NEW YORK -- Of all the news bulletins and rumors that have jerked oil prices up and down over the past five months, perhaps the most bizarre swept through the oil market on Oct. 22.

It was a story that Iraqi leader Saddam Hussein had dreamed that the prophet Muhammad had urged him to withdraw his troops from Kuwait. Mixed with other unverified reports that day that seemed to point toward peace in the Persian Gulf, it caused a panicky cascade of selling by oil traders, pushing the price of crude oil down a record $5.41 a barrel.

In the new world of oil, even the barest scraps of information can trigger trading stampedes.

To critics, who have watched oil prices more than double since Iraq's Aug. 2 invasion of Kuwait before falling part way back, the market's vulnerability to sharp price changes is its great vice.

"You've got this crazy system of pricing without regard to supply and demand," said Sen. Joseph I. Lieberman (D-Conn.), a leading congressional critic of the oil market. "Do we really want a system where a bunch of young guys screaming in a pit in New York set the price of oil? ... It's just not good for the rest of us. People see an opportunity to make money, so they're coming in to make money at our expense."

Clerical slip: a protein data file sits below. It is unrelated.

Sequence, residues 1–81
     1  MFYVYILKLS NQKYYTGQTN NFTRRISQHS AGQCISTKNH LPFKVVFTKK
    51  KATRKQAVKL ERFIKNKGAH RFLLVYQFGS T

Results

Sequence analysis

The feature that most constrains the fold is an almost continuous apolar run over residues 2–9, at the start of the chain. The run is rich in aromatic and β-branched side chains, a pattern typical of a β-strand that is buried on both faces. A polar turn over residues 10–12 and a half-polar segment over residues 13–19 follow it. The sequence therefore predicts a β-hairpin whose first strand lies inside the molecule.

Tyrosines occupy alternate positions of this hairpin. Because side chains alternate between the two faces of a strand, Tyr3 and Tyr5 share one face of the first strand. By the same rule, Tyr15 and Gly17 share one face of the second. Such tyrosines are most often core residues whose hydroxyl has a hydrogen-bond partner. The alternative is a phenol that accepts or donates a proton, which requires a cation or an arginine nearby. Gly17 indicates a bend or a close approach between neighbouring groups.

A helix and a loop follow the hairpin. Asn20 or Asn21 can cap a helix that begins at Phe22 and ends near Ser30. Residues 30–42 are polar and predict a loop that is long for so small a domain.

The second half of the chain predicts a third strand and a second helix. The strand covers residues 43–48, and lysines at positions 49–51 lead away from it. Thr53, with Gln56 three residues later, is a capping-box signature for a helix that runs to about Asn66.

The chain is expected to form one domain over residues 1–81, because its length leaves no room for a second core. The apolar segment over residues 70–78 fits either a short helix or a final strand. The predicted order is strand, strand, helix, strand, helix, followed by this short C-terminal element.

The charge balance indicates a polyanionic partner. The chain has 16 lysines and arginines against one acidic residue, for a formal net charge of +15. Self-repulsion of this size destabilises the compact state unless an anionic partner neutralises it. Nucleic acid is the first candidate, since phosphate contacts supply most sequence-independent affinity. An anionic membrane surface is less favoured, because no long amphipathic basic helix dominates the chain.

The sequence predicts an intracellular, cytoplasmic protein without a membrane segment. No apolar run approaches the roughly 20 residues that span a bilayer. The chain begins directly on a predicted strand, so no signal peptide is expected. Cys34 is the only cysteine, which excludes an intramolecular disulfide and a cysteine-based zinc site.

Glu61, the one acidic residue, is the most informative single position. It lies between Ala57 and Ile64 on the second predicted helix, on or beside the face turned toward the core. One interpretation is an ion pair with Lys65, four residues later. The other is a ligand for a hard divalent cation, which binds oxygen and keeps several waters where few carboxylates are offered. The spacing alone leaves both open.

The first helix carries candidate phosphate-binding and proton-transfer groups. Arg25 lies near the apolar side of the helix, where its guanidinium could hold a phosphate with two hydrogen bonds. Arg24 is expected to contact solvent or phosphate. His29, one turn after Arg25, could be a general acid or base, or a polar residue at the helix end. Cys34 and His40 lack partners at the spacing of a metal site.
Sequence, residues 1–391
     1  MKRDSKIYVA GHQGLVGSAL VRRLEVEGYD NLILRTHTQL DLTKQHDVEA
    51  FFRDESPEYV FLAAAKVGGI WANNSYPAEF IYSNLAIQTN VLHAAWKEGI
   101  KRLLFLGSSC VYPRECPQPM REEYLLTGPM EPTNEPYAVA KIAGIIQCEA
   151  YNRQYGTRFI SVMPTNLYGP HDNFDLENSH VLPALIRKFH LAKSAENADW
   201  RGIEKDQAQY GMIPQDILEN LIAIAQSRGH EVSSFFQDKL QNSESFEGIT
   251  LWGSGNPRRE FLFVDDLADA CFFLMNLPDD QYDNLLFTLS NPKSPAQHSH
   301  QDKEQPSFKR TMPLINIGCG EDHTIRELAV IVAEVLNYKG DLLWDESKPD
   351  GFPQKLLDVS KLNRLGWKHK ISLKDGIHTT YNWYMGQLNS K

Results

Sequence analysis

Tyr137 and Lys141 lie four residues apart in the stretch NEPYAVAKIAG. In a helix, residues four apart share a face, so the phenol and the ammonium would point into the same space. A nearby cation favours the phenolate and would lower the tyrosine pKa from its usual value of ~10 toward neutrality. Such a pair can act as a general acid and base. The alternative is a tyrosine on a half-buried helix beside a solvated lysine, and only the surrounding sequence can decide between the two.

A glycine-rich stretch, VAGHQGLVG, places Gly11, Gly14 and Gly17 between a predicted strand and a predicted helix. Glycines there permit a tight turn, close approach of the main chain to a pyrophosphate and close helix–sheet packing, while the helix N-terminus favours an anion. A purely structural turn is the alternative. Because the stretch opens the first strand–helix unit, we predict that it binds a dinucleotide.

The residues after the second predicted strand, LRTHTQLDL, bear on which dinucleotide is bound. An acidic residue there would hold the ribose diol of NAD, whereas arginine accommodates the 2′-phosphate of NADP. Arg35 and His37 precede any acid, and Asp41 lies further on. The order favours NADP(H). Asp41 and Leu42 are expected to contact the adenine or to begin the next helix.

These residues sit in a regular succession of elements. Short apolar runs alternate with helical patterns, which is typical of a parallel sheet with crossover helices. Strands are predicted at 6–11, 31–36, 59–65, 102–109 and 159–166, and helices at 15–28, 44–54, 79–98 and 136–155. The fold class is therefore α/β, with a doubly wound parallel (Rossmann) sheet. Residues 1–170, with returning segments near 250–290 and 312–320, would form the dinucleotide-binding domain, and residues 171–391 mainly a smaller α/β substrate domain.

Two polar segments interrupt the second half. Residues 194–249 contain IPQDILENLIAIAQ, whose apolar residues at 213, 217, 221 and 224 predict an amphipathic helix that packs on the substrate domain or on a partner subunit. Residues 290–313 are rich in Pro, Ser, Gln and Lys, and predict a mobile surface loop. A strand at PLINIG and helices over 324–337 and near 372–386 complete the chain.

In a sense, traders say, Lieberman is right. The price of oil, set in open trading by "Wall Street Refiners," has come to reflect far more than simply supply and demand calculations. It has become the product of a wide array of economic and psychological forces, and of the interests of the thousands of participants in the market.

A refiner looking for a barge-load of crude oil, a speculator playing the latest rumor out of the Persian Gulf, a trader in the crowded "pits" of the New York Mercantile Exchange, a Wall Street broker consulting esoteric charts of price performance, an Oklahoma wildcatter hoping to lock in a price for crude to be pumped out of the ground months hence -- each of these is in the market, buying and selling, at any given time.